#LentTogether: Men and Women in Community

#LentTogether: Men and Women in Community

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Taken from “Life Together in Christ” by Ruth Haley Barton for the #LentTogether Blog Series


“Moreover, some women of our group astounded us. They were at the tomb early this morning, and when they did not find his body there, they came back and told us that they had indeed seen a vision of angels who said that he was alive.”

Luke 24:22-23

At the risk of stating the obvious, these verses indicate that women and men together made up the community of Jesus. This might not seem like a big deal to us, but in the Jewish culture of that day, the way men and women were together in community around Jesus was fairly radical. In the synagogues at that time men and women were separated by a curtain; women and girls were not taught the Torah, and they served quietly in the background as the menfolk discussed and argued about spiritual matters. Women were not allowed to speak or ask questions in public gatherings, let alone teach or proclaim anything important.

The fact that Jesus appeared first to women at the tomb, interacting with them intimately and substantively about the resurrection, was quite out of the ordinary. He then charged them with announcing the good news to the rest of the disciples, complete with instructions for their next steps! That Jesus gave the women instructions for the male disciples was even more unusual—so much so that some scholars have suggested this remarkable and very specific detail serves as historical evidence for the resurrection. No one trying to fabricate a believable resurrection story would have included such a culturally unbelievable detail!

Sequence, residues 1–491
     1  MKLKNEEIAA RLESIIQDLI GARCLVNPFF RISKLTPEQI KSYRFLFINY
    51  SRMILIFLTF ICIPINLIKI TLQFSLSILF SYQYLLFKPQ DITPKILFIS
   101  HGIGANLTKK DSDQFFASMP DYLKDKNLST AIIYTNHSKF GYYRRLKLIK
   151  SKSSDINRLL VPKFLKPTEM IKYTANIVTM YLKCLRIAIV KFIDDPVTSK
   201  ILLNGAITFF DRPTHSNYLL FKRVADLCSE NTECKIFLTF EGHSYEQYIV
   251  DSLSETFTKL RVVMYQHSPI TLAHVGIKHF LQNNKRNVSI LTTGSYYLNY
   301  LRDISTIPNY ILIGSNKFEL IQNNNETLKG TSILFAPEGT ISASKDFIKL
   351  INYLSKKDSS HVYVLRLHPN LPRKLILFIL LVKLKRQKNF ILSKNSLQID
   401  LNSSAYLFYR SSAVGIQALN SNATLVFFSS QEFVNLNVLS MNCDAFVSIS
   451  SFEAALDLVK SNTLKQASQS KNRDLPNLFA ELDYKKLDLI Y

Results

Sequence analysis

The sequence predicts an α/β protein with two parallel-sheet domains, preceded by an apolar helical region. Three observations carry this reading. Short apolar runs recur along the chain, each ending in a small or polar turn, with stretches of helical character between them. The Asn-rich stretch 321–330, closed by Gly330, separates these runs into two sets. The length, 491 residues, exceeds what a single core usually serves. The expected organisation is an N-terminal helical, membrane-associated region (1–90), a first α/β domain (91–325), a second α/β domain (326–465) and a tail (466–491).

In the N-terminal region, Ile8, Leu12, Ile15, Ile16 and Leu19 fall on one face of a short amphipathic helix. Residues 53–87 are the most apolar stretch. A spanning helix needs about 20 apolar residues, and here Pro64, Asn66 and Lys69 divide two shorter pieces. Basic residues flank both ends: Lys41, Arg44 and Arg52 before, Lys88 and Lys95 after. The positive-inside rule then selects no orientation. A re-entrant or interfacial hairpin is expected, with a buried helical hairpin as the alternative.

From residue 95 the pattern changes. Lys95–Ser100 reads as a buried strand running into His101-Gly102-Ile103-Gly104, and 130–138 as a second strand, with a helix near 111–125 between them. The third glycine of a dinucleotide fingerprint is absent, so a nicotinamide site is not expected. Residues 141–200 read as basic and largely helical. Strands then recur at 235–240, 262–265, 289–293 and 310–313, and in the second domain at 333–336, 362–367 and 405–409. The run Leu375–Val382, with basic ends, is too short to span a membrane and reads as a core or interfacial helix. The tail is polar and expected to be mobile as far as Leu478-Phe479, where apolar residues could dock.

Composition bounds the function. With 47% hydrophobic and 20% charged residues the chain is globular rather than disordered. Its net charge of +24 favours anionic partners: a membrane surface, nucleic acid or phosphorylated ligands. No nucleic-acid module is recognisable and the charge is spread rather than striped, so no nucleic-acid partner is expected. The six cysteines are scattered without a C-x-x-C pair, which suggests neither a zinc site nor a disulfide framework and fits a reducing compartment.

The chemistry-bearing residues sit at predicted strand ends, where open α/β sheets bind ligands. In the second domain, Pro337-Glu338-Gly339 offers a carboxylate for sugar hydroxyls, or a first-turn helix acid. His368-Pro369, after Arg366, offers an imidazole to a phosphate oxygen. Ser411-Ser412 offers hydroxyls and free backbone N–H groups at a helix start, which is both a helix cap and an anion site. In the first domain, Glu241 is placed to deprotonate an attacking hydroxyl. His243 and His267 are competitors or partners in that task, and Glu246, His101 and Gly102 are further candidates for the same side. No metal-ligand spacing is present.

Jesus’ presence on the earth brought about many different kinds of needed change in our world, and one of the most significant was a transformation in relationships between men and women. Fresh from God, he was remarkably unencumbered by the cultural norms of the day—norms that had been shaped more by sin patterns in the world than by God’s ideal. Even a cursory look at Scripture (especially the Old Testament) reveals disturbing patterns in male- female relationships that were far from God’s original and best plan—a partnership model in which man and woman together would fully reflect the image of God.

Every time Jesus interacted with women or helped men and women interact with one another, he modeled new relating patterns that began the process of redeeming all of us from the oppressive effects of the curse on male-female relationships. That is why we see Jesus talking to an immoral woman about theology, worship, the state of her relationships and the state of her soul (John 4). It’s why we see him pointing out to a group of religious leaders that a woman caught in adultery was no more guilty than they were (John 8:1-11), and why we see him receiving Mary’s act of worship as much more meaningful than anything that was going on in the synagogues (John 12:1-8). It’s why some of his best friends were women—indicated by his visits in their homes (Luke 10:38-42), the give-and-take in their conversations (John 11:1-44), and the fact that they were last at the cross and first at the tomb (Mark 15:40-47).